By: Jamie Laird, Induron Sales Representative
I have been selling paint in one way or another for the past 25 years. It’s always my greatest pleasure when I can provide a unique solution to a corrosion problem that is either difficult or not well understood. This was the case with a large galvanized metal roof in Woodburn, Oregon.
A large manufacturing facility about an hour south of Portland was experiencing a major issue: The Oregon Department of Environmental Quality identified the facility as a major contributor to zinc runoff in the storm sewer. As the facility did research on how to fix the issue, they quickly realized that the problem wasn’t clearly understood and that the current use of large diatomaceous filters was extremely costly and not very efficient. As a last ditch effort, they reached out to a local industrial contractor for advice.
Smith and Company Painting out of McMinnville, Oregon is a second-generation painting contractor that specializes in commercial and industrial projects. After an original site survey, the owner, Parker Smith, asked me to go onsite to gain an understanding of the problems and offer solutions for overcoming them.
The facility has approximately 200,000 square foot of galvanized roof panels that are in varying degrees of deterioration. It was clear to me after walking the roof that the zinc in the runoff water was coming from the weathering galvanized metal. Parker and I explained to the asset owner our conclusions and proposed a solution to address this issue.
We decided that the optimal solution was to encapsulate the galvanized panels with an industrial coating system that would act as a barrier between the rain water and the zinc. We asked for one roof that was approx 25,000 square feet and appeared to be in the worst shape.
I provided a detailed specification to Parker and the asset owner, which gave recommendations for preparation as well as the two-coat system I believed would be the most cost-efficient as well as provide the longest service life while encapsulating the zinc and getting the run off levels to zero.
I recommended a Non-Ferrous Brush-Off Blast per SSPC SP-16 with an angular profile of .75 to 1.5 mils. I specified the use of a non-metallic grit to ensure no galvanic corrosion from embedded steel grit, which would create a dissimilar metal issue. I asked for the contractor to wash the roof with a minimum of 2500 psi using potable water prior to the blast as well as afterwards to ensure a clean substrate.
Prior to coating, I performed an Iso 8502-3 tape test to ensure a clean substrate and checked the angular profile with Course Testex Impressor Tape.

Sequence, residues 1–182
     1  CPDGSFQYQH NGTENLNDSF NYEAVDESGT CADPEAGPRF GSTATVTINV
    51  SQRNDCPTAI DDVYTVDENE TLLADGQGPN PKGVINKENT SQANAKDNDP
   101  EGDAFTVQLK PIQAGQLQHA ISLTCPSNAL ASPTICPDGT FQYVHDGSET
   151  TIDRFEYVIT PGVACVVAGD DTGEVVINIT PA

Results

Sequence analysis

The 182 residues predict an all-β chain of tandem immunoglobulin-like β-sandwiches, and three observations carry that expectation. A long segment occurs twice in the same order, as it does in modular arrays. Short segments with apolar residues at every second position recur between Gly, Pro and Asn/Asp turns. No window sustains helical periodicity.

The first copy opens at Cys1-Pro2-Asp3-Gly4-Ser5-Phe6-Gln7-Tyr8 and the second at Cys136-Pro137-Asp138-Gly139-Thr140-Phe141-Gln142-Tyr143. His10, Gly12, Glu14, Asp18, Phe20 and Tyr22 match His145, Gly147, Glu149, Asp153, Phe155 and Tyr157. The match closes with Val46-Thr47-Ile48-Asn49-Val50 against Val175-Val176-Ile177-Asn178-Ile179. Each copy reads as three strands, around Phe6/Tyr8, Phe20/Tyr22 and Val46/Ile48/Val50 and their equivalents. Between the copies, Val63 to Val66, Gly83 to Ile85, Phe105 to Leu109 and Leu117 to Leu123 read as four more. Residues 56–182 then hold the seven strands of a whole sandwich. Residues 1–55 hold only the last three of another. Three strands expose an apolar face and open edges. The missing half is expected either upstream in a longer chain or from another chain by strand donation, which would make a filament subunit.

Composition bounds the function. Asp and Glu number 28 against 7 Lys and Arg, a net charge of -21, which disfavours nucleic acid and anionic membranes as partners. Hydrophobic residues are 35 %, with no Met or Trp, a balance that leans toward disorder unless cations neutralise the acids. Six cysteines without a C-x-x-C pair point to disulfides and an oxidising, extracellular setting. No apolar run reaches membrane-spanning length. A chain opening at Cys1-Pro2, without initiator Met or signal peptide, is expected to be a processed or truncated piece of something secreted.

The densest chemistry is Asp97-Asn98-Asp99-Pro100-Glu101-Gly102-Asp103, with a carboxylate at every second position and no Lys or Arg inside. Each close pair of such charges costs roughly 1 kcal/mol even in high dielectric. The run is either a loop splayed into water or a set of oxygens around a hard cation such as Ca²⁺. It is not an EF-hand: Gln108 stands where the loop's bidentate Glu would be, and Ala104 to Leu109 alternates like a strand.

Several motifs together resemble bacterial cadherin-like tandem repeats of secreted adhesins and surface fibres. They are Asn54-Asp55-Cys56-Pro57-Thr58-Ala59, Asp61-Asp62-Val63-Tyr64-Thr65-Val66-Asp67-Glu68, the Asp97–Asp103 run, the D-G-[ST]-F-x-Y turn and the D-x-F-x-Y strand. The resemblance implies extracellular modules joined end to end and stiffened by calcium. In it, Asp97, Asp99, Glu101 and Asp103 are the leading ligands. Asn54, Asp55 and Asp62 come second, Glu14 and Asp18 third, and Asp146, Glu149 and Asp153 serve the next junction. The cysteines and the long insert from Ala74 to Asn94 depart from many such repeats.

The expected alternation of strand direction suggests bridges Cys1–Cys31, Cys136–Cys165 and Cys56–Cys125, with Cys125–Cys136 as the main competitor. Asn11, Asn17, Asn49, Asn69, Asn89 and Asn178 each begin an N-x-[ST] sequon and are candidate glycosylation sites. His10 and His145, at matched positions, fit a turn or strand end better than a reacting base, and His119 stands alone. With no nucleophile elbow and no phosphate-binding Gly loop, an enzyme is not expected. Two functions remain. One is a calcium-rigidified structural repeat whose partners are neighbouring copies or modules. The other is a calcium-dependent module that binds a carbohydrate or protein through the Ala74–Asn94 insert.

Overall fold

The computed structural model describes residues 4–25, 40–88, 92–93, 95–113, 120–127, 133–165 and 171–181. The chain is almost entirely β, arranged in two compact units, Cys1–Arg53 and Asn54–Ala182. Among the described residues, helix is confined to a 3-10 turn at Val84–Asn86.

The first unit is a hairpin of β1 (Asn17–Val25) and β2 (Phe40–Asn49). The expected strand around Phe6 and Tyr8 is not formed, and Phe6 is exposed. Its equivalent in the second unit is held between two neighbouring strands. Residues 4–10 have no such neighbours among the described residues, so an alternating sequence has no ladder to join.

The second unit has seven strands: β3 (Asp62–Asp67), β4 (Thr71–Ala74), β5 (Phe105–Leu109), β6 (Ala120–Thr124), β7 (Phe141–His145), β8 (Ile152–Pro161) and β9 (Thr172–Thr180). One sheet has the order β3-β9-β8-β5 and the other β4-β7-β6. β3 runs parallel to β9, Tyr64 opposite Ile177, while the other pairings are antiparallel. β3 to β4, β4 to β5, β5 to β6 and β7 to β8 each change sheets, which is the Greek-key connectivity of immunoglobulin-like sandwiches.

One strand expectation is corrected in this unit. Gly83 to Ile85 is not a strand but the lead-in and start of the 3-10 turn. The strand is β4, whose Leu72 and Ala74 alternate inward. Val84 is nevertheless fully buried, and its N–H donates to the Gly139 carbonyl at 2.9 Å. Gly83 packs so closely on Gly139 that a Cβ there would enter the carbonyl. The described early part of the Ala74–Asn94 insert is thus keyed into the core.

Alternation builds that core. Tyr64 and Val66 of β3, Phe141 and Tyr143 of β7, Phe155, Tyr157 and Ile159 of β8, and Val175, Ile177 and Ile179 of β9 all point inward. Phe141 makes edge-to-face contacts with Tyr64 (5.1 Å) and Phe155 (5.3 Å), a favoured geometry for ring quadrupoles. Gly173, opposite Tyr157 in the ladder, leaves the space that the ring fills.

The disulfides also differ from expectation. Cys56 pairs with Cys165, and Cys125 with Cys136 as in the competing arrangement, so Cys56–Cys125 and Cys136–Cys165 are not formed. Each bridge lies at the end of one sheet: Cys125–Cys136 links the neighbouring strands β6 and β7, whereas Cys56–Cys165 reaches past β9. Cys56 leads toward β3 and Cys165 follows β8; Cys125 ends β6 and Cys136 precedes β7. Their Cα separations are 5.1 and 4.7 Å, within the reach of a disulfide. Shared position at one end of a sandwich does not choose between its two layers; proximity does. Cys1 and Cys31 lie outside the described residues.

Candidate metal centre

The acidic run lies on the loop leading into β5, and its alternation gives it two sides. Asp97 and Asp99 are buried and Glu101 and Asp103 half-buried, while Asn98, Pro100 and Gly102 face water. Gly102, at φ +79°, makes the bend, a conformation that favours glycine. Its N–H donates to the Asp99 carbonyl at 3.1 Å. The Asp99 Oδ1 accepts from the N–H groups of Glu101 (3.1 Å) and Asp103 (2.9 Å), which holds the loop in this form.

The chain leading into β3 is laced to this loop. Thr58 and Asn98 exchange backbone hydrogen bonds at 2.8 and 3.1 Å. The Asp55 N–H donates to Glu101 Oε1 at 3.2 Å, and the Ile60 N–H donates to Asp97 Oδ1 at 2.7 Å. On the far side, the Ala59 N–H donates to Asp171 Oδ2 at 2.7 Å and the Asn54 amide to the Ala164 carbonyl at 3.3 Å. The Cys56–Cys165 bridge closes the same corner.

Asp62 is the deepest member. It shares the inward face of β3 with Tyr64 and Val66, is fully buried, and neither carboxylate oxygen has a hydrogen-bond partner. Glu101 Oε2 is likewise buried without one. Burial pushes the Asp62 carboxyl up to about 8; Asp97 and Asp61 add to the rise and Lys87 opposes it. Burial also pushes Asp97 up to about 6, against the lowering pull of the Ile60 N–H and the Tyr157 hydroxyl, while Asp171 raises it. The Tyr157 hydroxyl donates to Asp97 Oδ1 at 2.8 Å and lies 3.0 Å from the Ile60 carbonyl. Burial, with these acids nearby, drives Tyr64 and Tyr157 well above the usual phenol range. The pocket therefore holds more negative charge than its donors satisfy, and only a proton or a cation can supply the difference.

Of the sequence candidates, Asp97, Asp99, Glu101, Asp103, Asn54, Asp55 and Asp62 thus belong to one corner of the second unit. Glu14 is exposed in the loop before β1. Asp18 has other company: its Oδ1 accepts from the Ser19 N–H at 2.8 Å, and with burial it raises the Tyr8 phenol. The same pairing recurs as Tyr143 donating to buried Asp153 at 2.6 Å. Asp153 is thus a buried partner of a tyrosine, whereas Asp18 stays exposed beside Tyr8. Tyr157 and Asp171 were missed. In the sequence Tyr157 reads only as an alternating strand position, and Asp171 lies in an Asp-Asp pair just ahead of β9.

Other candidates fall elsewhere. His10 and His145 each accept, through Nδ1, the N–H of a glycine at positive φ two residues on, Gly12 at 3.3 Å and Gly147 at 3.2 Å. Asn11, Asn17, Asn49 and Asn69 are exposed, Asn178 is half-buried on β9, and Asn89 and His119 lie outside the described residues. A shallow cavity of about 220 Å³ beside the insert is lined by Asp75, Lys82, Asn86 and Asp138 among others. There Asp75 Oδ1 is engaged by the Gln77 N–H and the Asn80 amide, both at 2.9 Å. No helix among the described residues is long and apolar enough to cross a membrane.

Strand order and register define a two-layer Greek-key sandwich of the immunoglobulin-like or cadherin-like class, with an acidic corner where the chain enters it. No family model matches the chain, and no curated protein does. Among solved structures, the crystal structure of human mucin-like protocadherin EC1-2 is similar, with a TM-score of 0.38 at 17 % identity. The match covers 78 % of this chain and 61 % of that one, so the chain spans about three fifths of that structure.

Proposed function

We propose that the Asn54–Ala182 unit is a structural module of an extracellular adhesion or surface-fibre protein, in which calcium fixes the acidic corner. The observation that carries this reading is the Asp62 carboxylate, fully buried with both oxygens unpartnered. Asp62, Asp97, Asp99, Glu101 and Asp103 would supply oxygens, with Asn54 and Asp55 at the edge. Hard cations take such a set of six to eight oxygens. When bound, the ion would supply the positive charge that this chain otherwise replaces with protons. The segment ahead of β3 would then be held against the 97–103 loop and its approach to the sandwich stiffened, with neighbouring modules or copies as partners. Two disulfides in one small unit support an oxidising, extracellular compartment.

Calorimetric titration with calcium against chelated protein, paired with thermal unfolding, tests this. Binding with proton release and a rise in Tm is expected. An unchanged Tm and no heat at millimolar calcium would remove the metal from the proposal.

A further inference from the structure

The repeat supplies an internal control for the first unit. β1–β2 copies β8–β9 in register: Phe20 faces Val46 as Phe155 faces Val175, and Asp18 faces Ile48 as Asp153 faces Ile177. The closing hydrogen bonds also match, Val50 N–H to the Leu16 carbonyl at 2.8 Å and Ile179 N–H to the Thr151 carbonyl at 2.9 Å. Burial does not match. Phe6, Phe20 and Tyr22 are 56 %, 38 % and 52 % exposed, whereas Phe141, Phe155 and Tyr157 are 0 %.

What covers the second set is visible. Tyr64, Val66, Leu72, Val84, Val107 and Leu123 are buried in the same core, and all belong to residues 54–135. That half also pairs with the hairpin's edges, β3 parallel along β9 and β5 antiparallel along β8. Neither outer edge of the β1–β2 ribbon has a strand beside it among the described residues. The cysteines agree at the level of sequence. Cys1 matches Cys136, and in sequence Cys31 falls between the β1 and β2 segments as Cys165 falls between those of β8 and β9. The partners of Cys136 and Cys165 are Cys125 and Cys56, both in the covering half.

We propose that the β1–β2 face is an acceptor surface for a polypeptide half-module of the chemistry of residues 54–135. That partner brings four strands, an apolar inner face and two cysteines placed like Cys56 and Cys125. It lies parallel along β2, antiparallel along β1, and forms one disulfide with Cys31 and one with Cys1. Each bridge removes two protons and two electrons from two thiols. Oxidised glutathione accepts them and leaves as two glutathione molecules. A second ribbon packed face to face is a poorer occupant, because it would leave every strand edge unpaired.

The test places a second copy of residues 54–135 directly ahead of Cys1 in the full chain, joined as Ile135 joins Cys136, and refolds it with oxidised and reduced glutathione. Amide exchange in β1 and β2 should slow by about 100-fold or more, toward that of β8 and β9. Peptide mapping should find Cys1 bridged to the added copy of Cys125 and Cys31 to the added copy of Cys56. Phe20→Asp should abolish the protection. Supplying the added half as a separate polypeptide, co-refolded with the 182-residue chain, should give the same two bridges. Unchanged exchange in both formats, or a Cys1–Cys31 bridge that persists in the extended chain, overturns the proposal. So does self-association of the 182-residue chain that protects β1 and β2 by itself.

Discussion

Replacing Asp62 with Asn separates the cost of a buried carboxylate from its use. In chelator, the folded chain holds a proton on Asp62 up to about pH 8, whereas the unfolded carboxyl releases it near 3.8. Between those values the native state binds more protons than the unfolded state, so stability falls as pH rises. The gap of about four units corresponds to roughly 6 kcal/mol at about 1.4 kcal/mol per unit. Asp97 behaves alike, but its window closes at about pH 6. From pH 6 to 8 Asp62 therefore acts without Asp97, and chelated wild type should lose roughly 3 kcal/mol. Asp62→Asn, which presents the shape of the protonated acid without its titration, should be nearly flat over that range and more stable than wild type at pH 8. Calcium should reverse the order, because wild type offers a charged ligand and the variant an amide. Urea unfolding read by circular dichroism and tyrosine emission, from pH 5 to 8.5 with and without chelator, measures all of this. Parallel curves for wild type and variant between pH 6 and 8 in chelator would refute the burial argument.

Since the roof has a 3/12 pitch, the dwell time of the rain water was a concern. We tried to eliminate this by using an epoxy mastic as the first coat. The tenacious adhesion of amine cured epoxy mastics make sure that regardless of service life, the best possible adhesion would be given to this system.
Since there would be a need for extreme color and gloss retention, I specified a second coat of acrylic aliphatic polyurethane. This would offer years of color and gloss retention as well as a high gloss to aid in getting the rain water off the roof as quickly as possible. I specified the first coat with Induron Induramastic 85 Epoxy Mastic at 3-7 mils dft and the second coat with Induron Indurathane 6600 at 2-4 mils dft. We reduced the epoxy 10% to slow the dry and to help wet out the surface. We reduced the second coat 10% to slow the dry and to not get any solvent pop as the air temps were consistently above 75 degrees Fahrenheit.
The thicknesses were routinely checked with wet film thickness gauges, and ambient conditions were monitored with an Elcometer Dew meter. Particular care was given to ensure the relative humidity was always below 85 percent and that the surface temperature was consistently a minimum of 5 degrees Fahrenheit over dewpoint.
When the project was complete, I used an Elcometer type 2 dft gauge to check the final dft of the system per SSPC PA-2 to make sure that the thickness requirements were followed. I got consistent reading of between 6-10 mil dft. I also wanted to make sure that there was no zinc present after the coating. I used a solution of 2 percent copper sulfate as a pH indicator for the presence of available zinc. I tested an uncoated roof and the solution immediately turned dark purple. This is a positive result for zinc. I then tested the coated roof and the solution remained a light blue. This was interpreted as a positive result for no available zinc.
Parker and I are looking forward to completing the rest of the roofs onsite as well as bringing our unique solution to market throughout the state of Oregon for other asset owners that are experiencing the same issues with zinc run-off. Check out the video below from Smith and Company Painting for more information on the project!